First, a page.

Only then does the patient discover the real cause of his illness and by then it is too late. I suggest that each and every one of the OP sufferers reporting to the Poisons Units never believed for one moment that the chemicals could make them feel so ill. Only when further exposures prove the case do they make efforts to avoid the chemicals but by then it is too late because they have become almost unavoidable.
The trauma, if there is one, only occurs when Government backed officials attempt to hide the truth.
In the section on other punitive mechanisms for long term effects following acute poisoning the Group mentioned that psychological stress following an acute poisoning episodes could trigger psychiatric illness such as post-traumatic stress disorder. It was only listed as a possibility, and this was in the context of the sequelae of acute poisoning.
Point 6. I suggest that COT reads Government papers. After an acute phase of poisoning, not necessarily requiring hospitalisation, the victim is left vulnerable to further exposures, no matter how small. I note with interest that the COT Working Party did not cover this subject in the detail required.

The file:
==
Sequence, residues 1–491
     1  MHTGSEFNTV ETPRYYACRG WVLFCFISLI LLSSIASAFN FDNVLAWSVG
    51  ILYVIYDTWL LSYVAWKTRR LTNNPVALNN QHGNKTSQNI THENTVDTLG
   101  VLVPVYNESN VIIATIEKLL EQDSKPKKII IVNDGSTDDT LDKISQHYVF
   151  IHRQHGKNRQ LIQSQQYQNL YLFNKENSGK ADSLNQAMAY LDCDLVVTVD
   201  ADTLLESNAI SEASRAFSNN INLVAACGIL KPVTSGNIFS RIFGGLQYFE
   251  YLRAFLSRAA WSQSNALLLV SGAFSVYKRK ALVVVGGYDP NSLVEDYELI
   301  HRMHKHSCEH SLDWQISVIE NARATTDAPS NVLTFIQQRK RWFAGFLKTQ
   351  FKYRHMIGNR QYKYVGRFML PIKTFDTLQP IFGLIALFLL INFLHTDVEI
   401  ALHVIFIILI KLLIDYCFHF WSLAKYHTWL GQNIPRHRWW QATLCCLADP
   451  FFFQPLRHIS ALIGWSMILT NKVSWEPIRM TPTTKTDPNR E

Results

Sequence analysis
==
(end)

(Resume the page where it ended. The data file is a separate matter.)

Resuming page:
p Page number in the COT Report
1.1 Numbers represent numbered paragraphs as published in the COT Report.

a Notes on the Diagnosis of Prescribed Diseases Dept of Social Security 1992
b New Scientist 27/5/1995 "Just obeying orders" Stephen Day.
c Encyclopaedia Britannica 1959 edition.
d Penguin Dictionary of Biology. Thain and Hickman1996
e HSE prosecution of former Government advisor for illegal pesticide use resulting in food contamination with illegal types and levels of pesticides. Injuries to human health, with evidence, were ignored.
f Mechanisms of Joint Neurotoxicity of n-Hexane, Methyl Isobutyl Keytoneand O-Ethyl O-4-Nitrophenyl Phenylphosphonothiate in Hens. Abou-Donia et al 1991
g Letter to PSD 11th May 1999.

Dated 16/9/2000